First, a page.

Pharmaceutical Research

, Volume 34, Issue 5, pp 1083–1092 | Cite as

Ocular safety of Intravitreal Clindamycin Hydrochloride Released by PLGA Implants

  • Gabriella M. Fernandes-CunhaEmail author
  • Silvia Ligório Fialho
  • Gisele Rodrigues da Silva
  • Armando Silva-Cunha
  • Min Zhao
  • Francine Behar-Cohen
Research Paper



Drug ocular toxicity is a field that requires attention. Clindamycin has been injected intravitreally to treat ocular toxoplasmosis, the most common cause of eye posterior segment infection worldwide. However, little is known about the toxicity of clindamycin to ocular tissues. We have previously showed non intraocular toxicity in rabbit eyes of poly(lactic-co-glycolic acid) (PLGA) implants containing clindamycin hydrochloride (CLH) using only clinical macroscotopic observation. In this study, we investigated the in vivo biocompatibility of CLH-PLGA implants at microscotopic, cellular and molecular levels.


Morphology of ARPE-19 and MIO-M1 human retinal cell lines was examined after 72 h exposure to CLH-PLGA implant. Drug delivery system was also implanted in the vitreous of rat eyes, retinal morphology was evaluated in vivo and ex vivo. Morphology of photoreceptors and inflammation was assessed using immunofluorescence and real-time PCR.


After 72 h incubation with CLH-PLGA implant, ARPE-19 and MIO-M1 cells preserved the actin filament network and cell morphology. Rat retinas displayed normal lamination structure at 30 days after CLH-PLGA implantation. There was no apoptotic cell and no loss in neuron cells. Cones and rods maintained their normal structure. Microglia/macrophages remained inactive. CLH-PLGA implantation did not induce gene expression of cytokines (IL-1β, TNF-α, IL-6), VEGF, and iNOS at day 30.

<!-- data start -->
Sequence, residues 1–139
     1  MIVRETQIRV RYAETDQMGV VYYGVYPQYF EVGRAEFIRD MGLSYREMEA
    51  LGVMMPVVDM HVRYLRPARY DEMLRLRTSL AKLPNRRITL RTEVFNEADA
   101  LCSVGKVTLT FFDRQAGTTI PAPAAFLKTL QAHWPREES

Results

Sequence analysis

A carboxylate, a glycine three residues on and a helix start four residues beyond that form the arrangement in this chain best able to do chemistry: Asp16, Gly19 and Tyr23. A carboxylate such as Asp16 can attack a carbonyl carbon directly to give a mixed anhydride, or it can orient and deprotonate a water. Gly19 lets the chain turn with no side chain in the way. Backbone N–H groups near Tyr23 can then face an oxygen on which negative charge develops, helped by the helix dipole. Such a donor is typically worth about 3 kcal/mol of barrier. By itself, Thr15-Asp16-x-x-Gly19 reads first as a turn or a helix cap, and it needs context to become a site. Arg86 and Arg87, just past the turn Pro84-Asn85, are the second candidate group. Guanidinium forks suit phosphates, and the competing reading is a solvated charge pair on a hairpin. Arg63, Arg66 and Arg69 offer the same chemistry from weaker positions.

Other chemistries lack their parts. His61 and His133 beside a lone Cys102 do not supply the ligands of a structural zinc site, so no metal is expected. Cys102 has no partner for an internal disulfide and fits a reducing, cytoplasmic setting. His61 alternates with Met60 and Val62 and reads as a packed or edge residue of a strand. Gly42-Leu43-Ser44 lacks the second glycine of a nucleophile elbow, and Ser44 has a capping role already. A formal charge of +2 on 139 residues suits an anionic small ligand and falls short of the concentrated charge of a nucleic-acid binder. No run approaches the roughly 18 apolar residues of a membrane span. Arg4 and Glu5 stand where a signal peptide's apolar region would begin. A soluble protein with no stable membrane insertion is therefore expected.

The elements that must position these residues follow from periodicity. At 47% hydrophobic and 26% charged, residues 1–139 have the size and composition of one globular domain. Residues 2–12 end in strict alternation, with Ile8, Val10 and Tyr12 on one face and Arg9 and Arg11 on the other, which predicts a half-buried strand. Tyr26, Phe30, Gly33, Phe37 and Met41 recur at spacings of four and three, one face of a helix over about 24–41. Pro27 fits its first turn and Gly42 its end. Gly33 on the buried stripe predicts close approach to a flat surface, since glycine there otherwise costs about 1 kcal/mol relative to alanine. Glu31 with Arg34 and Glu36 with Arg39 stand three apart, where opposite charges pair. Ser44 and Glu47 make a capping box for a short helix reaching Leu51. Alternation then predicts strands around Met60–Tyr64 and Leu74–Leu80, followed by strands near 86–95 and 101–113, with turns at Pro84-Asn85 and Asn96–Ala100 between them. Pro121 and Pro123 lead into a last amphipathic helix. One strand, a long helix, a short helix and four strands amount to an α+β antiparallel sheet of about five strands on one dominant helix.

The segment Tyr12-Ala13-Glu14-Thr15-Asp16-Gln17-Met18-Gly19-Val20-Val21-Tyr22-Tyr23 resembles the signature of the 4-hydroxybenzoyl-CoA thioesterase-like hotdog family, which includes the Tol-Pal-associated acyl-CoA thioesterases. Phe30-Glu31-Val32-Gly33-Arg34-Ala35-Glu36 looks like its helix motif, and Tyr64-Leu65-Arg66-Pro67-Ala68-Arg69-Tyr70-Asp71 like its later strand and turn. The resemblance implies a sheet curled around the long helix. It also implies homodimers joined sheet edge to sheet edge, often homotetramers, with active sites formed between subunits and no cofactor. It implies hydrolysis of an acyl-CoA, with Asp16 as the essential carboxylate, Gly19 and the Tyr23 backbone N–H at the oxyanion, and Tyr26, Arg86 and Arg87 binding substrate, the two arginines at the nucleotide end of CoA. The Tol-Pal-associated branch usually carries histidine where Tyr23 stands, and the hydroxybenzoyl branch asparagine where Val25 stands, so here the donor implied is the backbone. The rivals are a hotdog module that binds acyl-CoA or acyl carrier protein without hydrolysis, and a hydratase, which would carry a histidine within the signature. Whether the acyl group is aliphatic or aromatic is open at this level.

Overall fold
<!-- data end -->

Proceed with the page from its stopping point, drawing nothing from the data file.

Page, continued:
These results demonstrated the safety of the implant and highlight this device as a therapeutic alternative for the treatment of ocular toxoplasmosis.


biocompatibility clindamycin intravitreal implant ocular toxoplasmosis PLGA toxicity 



Human retinal pigment epithelial cell line


Clindamycin hydrochloride


2-(4-amidinophenyl)-1H -indole-6-carboxamidine


Dulbecco’s modified eagle medium: nutrient mixture F-12




Fetal bovine serum


Fluorescein isothiocyanate


Ganglion cell layer


Human amniotic membrane


4-(2-hydroxyethyl)-1-piperazineethanesulfonic acid


Hypoxanthine phosphoribosyltransferase


Ionized calcium binding adaptor molecule 1


Interleukin 1 beta


Interleukin 6


Inner nuclear layer


Inducible nitric oxide synthase


Propidium iodide


Human Müller cell line


Optical coherence tomography


Outer nuclear layer


Phosphate-buffered saline


Polymerase chain reaction


Poly(lactic-co-glycolic acid)


Peanut Agglutinin


Standard deviation


Tumor necrosis factor alpha


Terminal deoxynucleotidyl transferase dUTP nick end labeling


Vascular endothelial growth factor



The authors would like to acknowledge the financial support received from the following institutions: (Brazil), FAPEMIG (Minas Gerais – Brazil), Pró-reitoria de Pesquisa da Universidade Federal de Minas Gerais (Minas Gerais – Brazil), CAPES (Bolsistas da CAPES-Brasília/Brazil).


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Copyright information

© Springer Science+Business Media New York 2017

Authors and Affiliations

  • Gabriella M. Fernandes-Cunha
    • 1
    • 2
    • 3
    • 4
    Email author
  • Silvia Ligório Fialho
    • 5
  • Gisele Rodrigues da Silva
    • 2
    • 3
    • 4
    • 6
  • Armando Silva-Cunha
    • 1
  • Min Zhao
    • 2
    • 3
    • 4
  • Francine Behar-Cohen
    • 2
    • 3
    • 4
  1. 1.Faculty of PharmacyFederal University of Minas GeraisBelo HorizonteBrazil
  2. 2.INSERM UMRS 1138, Team 17, Centre de Recherche des CordeliersParisFrance
  3. 3.Pierre and Marie Curie UniversityParisFrance
  4. 4.Paris Descartes UniversityParisFrance
  5. 5.Pharmaceutical and Biotechnological Development, Ezequiel Dias FoundationBelo HorizonteBrazil
  6. 6.Faculty of PharmacyFederal University of São João Del ReiDivinópolisBrazil

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